Faculty Spotlight

Adapting Field Placements Throughout Shutdown, Social Movements

Nancy Maurer

By Lauren Mineau
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Albany Law School’s Field Placement and Pro Bono Scholars programs—typically immersive, hands-on experiences to supplement classroom learning—have adapted to accommodate the COVID-19 pandemic. The challenge, led by Professor Nancy Maurer, director of the Field Placement Clinic, wasn’t easy—but it offered signs of community, growth, and impact.

In the initial days of the coronavirus outbreak, Maurer checked in with individual students and supervisors to determine their needs. Some field placements were ended suddenly as offices closed. Some employers offered remote work, with the transition preserving security and confidentiality.

Eventually, Prof. Maurer took inventory of all the placements and their restrictions and provided support and training to many supervisors who wanted to keep law students engaged but needed some help.

“The legal profession has permanently changed because of this,” she said. “The possibilities of remote work and the technology needed is paving the way for the future. In some ways, we were all forced to deal with this.”

People within the Albany Law School community also pitched in to take on students who lost their field placements. The Government Law Center brought in several students who were left without placements to work on legal research.

Additionally, as the national conversation around systemic racism and racial justice came to the forefront, students began to show an increased interest in placements with organizations that support policy development, research, individual advocacy, or other public-service tasks related to these issues.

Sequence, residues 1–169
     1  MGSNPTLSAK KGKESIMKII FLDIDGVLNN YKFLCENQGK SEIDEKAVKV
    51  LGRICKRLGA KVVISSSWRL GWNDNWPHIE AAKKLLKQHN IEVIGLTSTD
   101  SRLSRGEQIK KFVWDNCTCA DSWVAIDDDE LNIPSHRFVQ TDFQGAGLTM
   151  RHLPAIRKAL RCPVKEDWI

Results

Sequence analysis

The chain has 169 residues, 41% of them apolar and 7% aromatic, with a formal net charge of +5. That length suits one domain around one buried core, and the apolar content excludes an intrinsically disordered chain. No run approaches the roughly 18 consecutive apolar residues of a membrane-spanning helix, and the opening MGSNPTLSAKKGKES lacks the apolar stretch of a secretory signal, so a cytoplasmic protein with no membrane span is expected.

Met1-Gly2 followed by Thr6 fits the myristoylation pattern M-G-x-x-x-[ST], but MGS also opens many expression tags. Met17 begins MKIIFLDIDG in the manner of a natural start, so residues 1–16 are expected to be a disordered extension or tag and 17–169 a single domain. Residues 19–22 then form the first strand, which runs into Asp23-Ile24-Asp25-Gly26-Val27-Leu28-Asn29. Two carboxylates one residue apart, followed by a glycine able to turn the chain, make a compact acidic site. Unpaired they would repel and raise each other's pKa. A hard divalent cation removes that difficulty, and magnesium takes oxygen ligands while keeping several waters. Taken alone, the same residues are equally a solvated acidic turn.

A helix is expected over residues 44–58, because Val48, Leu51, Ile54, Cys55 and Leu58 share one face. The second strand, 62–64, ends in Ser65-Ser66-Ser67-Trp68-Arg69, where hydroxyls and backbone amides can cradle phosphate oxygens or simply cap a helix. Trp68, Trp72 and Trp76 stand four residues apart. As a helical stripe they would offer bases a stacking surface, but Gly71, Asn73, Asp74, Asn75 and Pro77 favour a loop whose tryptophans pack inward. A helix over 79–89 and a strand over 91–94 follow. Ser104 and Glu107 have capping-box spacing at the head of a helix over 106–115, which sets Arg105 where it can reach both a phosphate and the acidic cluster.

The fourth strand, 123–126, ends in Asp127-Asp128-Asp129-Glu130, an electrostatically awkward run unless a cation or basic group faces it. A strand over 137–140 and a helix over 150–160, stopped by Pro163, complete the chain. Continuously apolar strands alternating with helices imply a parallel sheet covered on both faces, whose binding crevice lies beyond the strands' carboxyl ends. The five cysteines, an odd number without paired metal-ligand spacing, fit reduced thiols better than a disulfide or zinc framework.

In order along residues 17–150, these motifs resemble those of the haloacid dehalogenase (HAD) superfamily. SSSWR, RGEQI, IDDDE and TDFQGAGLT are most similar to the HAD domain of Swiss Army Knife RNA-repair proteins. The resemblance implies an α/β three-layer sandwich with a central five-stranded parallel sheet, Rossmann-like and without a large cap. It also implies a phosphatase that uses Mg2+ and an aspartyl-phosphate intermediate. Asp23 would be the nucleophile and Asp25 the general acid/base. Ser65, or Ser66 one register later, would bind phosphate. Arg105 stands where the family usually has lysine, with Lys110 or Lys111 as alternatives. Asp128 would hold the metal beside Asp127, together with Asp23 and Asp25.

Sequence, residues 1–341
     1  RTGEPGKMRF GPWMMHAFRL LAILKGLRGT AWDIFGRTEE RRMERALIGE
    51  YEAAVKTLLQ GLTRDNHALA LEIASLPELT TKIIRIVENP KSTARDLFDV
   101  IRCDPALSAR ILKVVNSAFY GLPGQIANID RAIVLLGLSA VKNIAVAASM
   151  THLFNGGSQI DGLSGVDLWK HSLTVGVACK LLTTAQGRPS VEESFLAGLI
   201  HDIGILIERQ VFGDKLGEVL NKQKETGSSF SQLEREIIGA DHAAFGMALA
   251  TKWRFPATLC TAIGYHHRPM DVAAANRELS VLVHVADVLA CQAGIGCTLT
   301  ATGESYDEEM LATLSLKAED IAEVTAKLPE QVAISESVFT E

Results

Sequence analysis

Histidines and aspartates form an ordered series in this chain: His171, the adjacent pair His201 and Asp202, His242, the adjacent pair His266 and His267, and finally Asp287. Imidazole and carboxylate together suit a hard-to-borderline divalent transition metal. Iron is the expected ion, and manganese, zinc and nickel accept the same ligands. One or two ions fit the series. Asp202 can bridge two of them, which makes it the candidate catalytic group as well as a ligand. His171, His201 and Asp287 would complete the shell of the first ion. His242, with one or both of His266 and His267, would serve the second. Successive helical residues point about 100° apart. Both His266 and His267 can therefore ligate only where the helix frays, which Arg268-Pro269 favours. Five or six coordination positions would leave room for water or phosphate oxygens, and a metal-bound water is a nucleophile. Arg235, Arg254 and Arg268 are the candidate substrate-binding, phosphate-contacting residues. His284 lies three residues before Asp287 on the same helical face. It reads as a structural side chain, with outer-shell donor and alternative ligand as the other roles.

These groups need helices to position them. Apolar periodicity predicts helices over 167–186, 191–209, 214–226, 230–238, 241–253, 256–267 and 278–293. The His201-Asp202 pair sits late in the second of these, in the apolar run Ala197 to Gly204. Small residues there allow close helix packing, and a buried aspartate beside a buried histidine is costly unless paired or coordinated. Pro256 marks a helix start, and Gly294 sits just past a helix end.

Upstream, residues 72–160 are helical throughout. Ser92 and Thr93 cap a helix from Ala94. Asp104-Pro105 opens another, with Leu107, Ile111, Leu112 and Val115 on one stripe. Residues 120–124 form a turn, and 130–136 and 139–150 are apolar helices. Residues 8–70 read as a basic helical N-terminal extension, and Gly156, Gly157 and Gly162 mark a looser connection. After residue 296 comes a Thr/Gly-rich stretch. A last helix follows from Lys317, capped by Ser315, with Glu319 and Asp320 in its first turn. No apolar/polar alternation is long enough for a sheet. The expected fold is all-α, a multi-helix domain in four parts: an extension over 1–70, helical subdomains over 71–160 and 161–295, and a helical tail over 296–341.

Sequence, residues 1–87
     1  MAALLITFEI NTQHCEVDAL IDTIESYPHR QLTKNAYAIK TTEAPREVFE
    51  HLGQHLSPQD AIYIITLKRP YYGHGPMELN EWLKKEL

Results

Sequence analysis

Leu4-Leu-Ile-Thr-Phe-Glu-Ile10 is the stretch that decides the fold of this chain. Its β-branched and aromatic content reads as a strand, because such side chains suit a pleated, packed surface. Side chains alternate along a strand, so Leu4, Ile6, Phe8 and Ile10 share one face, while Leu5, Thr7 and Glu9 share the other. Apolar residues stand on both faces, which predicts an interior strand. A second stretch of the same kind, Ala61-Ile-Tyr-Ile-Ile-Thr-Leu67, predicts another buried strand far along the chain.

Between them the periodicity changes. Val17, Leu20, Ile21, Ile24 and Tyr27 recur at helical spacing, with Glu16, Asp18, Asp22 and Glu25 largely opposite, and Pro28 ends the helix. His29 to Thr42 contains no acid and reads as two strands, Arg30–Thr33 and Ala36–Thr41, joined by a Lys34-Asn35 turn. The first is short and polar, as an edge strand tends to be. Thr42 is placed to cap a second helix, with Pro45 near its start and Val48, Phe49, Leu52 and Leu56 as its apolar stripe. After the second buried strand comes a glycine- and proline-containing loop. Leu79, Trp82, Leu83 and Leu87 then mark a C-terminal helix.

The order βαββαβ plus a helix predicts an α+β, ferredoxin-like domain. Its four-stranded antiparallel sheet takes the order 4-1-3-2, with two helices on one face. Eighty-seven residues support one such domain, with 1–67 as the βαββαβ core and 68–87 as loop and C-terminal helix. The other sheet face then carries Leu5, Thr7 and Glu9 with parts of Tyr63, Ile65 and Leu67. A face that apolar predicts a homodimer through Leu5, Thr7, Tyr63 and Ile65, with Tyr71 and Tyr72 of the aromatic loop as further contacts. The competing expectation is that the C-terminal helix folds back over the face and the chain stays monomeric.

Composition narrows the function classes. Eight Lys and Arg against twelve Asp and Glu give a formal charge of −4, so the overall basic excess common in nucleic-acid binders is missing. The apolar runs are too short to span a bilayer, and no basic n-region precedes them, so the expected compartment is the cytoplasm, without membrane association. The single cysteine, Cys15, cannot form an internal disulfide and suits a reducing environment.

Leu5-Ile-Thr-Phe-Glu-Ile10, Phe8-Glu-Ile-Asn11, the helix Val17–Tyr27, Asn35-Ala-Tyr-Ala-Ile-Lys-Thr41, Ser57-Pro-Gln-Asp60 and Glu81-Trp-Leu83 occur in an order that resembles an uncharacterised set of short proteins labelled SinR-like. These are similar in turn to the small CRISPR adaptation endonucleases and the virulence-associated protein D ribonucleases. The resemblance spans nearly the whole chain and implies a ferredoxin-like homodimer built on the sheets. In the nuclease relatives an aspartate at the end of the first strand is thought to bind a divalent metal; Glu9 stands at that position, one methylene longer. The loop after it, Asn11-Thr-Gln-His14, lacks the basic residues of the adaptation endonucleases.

“Students had expressed a real desire and interest to be able to work in policy and advocacy, specifically in the areas of racial justice and racial discrimination,” she said.

Prof. Maurer also worked to organize trainings for the supervising attorneys on creating inclusive learning and working environments and understanding ethical issues in remote supervision.

“This was just a start,” she said. “We had a lot of leadership from various offices and organizations attend. Hopefully we can pick it up from there. Eventually, we would like everybody that is going to be supervising students to have received some information and training and get involved in providing a better, more inclusive education.”

Other field placement directors around the country also served as an inspiration and resource, Prof. Maurer said. 

“I gave some, I borrowed a lot. I think that gave us a better understanding of things to move forward and it gave students a chance to take on those kinds of opportunities,” she said. “It really was a lot of people stepping up and helping to put the pieces together.”

Despite the challenges of COVID-19, all of Prof. Maurer’s students completed their field placement and pro bono scholar program course requirements. She also noticed some possible areas to focus on as restrictions lift. Remote work may be a permanent option for some organizations, especially those in more rural areas that may have previously required an on-site component.

“It’s really all about how to learn from experience and learning how to learn going forward. It’s a really unique part of education that students are making their own goals based on where they are, where they need to go, and where their possible interests might be,” she said. “We’re here. We’re adaptable. There are lots of opportunities in so many different areas. There’s something for everybody.”

Maurer was recently honored with the William Pincus Award for Outstanding Service and Commitment to Clinical Legal Education awarded by the Association of American Law Schools (AALS) Clinical Section. She will be celebrated at the virtual awards ceremony on Tuesday, January 5.